Ph.D. in Philosophy
I will be starting as a Lecturer at Western Washington University in the winter of 2022. I earned my Ph.D. in Philosophy from the University of California, Riverside in June of 2020. My research is primarily on freedom and moral responsibility, although I also have interests in metaphysics, philosophy of science, and analytic philosophy of religion. Here is my CV, if you are interested. Thanks for visiting my site!
"What Does Indeterminism Offer to Agency?" forthcoming in Australasian Journal of Philosophy.
"From the Fixity of the Past to the Fixity of the Independent," Philosophical Studies 178, 2021: 1301-1314.
"The Dependence Response and Explanatory Loops," Faith and Philosophy 37 (3), 2020: 294-307.
"Freedom, Foreknowledge, and Dependence: A Dialectical Intervention" (with Taylor W. Cyr), American Philosophical Quarterly 57 (2), 2020: 145-154.
"Free Will and Two Local Determinisms" (with Neal A. Tognazzini), Erkenntnis 84 (5), 2019: 1011-1023.
"The Puzzle of Hyper-Change," Ratio 33 (1), 2019: 1-11.
"Logical Toolkit," (primary co-author) in Introduction to Philosophy: Classical and Contemporary Readings, eds Perry, Bratman, and Fischer, 9th edition, 2021: Oxford University Press.
"Review of Carolina Sartorio's Causation and Free Will " (with Peter J. Graham and Jonah Nagashima), Analysis (78), 2018: 371-373.
Below are courses I have taught as the primary instructor. If you would like to see my syllabi, please feel free to contact me.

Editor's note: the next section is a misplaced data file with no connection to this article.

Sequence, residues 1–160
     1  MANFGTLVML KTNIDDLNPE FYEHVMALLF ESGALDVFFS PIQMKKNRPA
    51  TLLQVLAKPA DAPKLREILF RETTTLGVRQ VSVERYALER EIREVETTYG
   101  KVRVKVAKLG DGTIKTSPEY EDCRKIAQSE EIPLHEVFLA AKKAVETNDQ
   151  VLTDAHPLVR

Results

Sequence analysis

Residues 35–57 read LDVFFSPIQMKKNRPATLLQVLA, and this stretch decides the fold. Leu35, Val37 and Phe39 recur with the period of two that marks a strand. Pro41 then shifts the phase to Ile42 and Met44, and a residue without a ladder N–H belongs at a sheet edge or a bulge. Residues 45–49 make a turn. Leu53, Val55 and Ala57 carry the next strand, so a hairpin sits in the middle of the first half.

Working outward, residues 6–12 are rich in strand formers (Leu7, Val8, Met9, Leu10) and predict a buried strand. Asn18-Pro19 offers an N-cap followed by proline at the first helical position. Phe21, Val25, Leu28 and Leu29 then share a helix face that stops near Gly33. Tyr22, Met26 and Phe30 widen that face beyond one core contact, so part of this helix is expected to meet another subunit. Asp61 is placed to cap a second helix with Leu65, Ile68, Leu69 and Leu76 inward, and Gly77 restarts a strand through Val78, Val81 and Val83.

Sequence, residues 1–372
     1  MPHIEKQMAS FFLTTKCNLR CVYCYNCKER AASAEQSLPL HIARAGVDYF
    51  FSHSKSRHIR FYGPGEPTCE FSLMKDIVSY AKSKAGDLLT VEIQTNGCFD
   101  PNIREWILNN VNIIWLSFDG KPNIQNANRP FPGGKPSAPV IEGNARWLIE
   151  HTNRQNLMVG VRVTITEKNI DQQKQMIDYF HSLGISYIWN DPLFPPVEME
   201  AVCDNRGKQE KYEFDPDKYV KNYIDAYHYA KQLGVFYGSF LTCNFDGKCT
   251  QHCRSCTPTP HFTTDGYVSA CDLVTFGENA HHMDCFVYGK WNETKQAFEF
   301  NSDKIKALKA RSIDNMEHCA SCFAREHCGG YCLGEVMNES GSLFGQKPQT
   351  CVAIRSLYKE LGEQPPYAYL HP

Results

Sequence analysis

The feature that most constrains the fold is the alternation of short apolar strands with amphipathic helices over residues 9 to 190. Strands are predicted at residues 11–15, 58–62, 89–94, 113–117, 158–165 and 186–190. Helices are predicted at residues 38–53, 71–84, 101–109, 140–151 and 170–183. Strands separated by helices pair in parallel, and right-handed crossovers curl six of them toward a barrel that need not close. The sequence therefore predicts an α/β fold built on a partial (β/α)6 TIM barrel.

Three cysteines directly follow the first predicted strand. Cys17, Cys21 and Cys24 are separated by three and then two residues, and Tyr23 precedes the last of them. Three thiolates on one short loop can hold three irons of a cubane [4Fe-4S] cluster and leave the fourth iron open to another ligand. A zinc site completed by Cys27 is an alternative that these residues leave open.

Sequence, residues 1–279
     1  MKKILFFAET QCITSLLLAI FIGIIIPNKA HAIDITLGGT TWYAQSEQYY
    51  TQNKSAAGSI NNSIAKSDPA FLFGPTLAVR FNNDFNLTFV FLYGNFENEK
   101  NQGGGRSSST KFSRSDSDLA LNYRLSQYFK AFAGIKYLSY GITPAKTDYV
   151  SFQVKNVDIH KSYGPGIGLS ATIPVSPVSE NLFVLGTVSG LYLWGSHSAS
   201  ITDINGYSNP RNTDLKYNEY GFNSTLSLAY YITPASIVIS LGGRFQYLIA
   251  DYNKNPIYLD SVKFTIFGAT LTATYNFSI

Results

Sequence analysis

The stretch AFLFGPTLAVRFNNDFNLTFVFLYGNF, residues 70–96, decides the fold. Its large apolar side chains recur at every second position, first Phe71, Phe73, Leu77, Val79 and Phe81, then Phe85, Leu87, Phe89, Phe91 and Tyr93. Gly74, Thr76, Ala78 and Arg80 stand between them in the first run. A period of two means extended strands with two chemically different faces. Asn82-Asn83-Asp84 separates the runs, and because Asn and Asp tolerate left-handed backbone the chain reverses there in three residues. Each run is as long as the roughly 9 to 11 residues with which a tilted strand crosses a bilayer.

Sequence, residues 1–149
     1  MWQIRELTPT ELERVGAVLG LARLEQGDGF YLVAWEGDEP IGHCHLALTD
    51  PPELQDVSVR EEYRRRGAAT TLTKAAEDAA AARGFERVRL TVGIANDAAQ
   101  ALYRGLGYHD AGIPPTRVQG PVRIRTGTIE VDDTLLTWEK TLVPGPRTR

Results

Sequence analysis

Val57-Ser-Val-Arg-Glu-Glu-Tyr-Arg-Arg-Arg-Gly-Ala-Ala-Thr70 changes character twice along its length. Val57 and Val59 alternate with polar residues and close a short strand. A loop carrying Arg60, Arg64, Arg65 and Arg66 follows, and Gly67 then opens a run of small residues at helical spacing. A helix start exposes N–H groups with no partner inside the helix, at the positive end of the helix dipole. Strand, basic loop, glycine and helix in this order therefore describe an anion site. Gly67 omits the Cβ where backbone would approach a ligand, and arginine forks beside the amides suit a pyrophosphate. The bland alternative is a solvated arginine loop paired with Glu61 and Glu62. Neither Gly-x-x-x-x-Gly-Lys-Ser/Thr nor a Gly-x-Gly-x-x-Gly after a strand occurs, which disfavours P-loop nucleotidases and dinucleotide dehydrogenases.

PHIL008: INTRODUCTION TO SYMBOLIC LOGIC
Spring 2021 & Summer 2018 (UC, Riverside)
An introductory course focused on propositional logic and its applications.
Winter 2021 & Spring 2019 (UC, Riverside)
An upper-division course focused on issues such as the nature of God, arguments for and against God's existence, faith and reason, as well as freedom and foreknowledge.
Fall 2019 (UC, Riverside)
An upper-division course focused on traditional metaphysical issues such as the nature of time, freedom, and causation, along with their application to less traditional issues such as time travel.
PHIL112: MORTAL QUESTIONS
Summer 2019 (UC, Riverside)
An upper-division course focused on philosophical questions surrounding death, such as: What, if anything, makes death bad? What, if anything, makes for a meaningful life? Would an immortal life be better than a mortal one? Is there any reason to think there is an afterlife?
PHIL007: INTRODUCTION TO CRITICAL THINKING
Summer 2017 (UC, Riverside)
An introductory course focused on different types of reasoning, such as deductive, abductive, and analogical.
University of California, Riverside
900 University Ave., 92521